Jimenez had his second straight 7&7 start in Tuesday's loss to Boston, departing before the second inning was complete. He walked five, struck out just one, allowed sharp contact throughout. It's a case of snowflake mechanics: no two deliveries are ever the same. If you can't repeat your mechanics, you can't be successful pitching in the majors.

Jimenez was a 2.88/1.15 man back in Colorado in 2010, which seems like ages ago. We've seen 66 nightmare starts since then. You're welcome to offer a positive spin in the comments but I'm not going to sign the petition. If I were doing a Shuffle Up on the mound today, Jimenez would have a negative price attached.

The worst fears were confirmed in Arizona, where Aaron Hill (fractured hand) is going to miss 4-6 weeks. Plan B is now underway in the desert dugout: rookie Didi Gregorius will play shortstop, with Cliff Pennington slithering over to second base. Gregorius began the year as a Top 100 prospect on most scouting lists but it's entirely because of his defense; he was a .243/.288/.427 stick in 48 games at Triple-A last year, with six homers and no steals (his minor-league OPS is a paltry .694 over 486 games). There's no reason to pay him any mind in a standard mixed league.

If you need a new second basemen for your fake club, here are a few names to consider:

-- Very shallow: Matt Carpenter (75-percent owned, what's keeping you?), Everth Cabrera (69 percent).

-- Shallow: Omar Infante (28 percent), Jedd Gyorko (37 percent).

-- Medium/Deep: Chris Nelson (8 percent), Chris Getz (5 percent), Darwin Barney (4 percent), Jordany Valdespin (5 percent), Mark Ellis (6 percent).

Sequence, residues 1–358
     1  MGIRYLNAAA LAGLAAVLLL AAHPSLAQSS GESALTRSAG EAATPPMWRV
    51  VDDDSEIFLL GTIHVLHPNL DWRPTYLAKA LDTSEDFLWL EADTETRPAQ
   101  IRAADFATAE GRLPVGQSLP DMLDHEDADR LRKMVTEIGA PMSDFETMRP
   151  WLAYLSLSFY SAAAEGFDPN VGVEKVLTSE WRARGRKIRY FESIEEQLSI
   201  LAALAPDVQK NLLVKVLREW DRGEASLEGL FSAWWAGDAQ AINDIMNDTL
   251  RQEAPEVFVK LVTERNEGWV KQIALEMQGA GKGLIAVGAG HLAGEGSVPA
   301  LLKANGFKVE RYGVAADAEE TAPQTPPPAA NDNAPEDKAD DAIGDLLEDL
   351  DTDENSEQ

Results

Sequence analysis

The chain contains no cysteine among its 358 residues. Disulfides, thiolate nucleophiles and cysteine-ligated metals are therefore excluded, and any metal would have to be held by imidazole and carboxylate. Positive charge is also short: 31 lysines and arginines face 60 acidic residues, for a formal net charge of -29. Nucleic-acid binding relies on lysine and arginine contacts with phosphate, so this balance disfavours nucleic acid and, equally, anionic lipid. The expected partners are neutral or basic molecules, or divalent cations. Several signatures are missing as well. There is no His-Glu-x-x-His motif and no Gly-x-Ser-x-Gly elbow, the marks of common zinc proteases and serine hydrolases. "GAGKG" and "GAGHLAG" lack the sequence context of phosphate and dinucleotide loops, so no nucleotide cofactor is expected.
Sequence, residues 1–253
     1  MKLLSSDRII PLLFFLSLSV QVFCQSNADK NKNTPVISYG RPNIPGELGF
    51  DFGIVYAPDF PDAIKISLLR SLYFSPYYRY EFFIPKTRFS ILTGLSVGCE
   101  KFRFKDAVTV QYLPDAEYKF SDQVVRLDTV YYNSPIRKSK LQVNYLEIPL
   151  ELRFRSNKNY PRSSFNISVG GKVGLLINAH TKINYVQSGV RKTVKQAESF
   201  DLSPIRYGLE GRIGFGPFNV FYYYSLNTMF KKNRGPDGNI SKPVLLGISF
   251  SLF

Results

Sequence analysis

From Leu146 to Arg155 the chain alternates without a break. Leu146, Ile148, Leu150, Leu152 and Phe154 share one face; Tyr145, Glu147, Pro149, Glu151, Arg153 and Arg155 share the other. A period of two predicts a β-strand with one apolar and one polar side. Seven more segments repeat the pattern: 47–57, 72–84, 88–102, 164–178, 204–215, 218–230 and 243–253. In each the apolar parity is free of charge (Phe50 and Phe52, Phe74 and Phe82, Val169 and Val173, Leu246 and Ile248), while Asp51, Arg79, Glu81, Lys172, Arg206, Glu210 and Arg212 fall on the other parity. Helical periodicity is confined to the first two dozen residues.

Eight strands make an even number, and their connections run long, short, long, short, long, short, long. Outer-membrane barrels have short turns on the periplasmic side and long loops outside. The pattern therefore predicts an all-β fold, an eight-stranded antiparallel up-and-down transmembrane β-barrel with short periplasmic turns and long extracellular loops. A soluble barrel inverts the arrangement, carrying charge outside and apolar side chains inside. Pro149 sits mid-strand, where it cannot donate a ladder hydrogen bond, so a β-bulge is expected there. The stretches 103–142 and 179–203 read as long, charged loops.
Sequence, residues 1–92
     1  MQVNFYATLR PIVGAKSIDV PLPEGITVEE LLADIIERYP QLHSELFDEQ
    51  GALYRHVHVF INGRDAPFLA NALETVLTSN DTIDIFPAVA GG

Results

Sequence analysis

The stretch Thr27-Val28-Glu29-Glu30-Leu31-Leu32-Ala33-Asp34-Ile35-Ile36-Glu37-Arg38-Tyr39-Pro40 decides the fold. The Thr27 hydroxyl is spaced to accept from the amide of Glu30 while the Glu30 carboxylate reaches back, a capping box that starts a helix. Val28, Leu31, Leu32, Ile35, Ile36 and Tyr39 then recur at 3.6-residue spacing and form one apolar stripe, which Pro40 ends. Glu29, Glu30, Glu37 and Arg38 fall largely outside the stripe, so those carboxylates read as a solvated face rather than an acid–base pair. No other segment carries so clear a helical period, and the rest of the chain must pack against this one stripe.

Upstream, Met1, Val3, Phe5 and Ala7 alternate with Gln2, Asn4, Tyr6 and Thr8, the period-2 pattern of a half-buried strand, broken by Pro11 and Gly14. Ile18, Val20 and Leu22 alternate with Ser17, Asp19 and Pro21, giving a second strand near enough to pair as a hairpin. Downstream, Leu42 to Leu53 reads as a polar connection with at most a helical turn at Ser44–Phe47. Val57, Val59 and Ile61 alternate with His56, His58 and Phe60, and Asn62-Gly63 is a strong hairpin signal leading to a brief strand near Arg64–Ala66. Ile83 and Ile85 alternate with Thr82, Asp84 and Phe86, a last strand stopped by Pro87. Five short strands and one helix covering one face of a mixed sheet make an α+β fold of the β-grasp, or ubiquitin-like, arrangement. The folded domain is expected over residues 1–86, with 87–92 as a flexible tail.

Speed Round: So much for Chris Capuano optimism: the Padres knocked him around for seven hits and five runs, and now Capuano needs an MRI on his sore calf. Looks like we'll see Ted Lilly in this spot eventually . . . With Joel Hanrahan (hamstring) finally on the DL, the baton in the Red Sox bullpen clearly rests with Andrew Bailey . . . Next up on Hoarders: the Cubs and their collection of sketchy relievers. Kevin Gregg joined the team Tuesday, while Kameron Loe was a weekend acquisition from the waiver wire. My save handicapping for Wrigley: James Russell short term, Kyuji Fujikawa long term. But Dale Sveum doesn't have my new cell number . . . Freddie Freeman (oblique) took some cuts Tuesday and might be able to return on schedule early next week . . . Michael Bourn (hand) hit the DL, though the club suspects it will be a minimum-length stay . . . Eric Young Jr. picked up a full day while Dexter Fowler (foot) rested, collecting four hits, three runs, two RBIs and a steal in the twin-bill against the Mets. I'd love to see Young someday get a regular gig with the Rockies; it's never been tried for an extensive period of time. He's still just 27 . . . The Derek Jeter return timetable continues to push backwards. Joe Girardi says a May 1 return isn't going to happen . . . Ben Revere took another collar, dropping his average to .207, and he's not guaranteed to stick in the leadoff spot. Batting slot is critical for most National League rabbits; there's a natural disincentive to running near the bottom of the order, in front of the pitcher spot.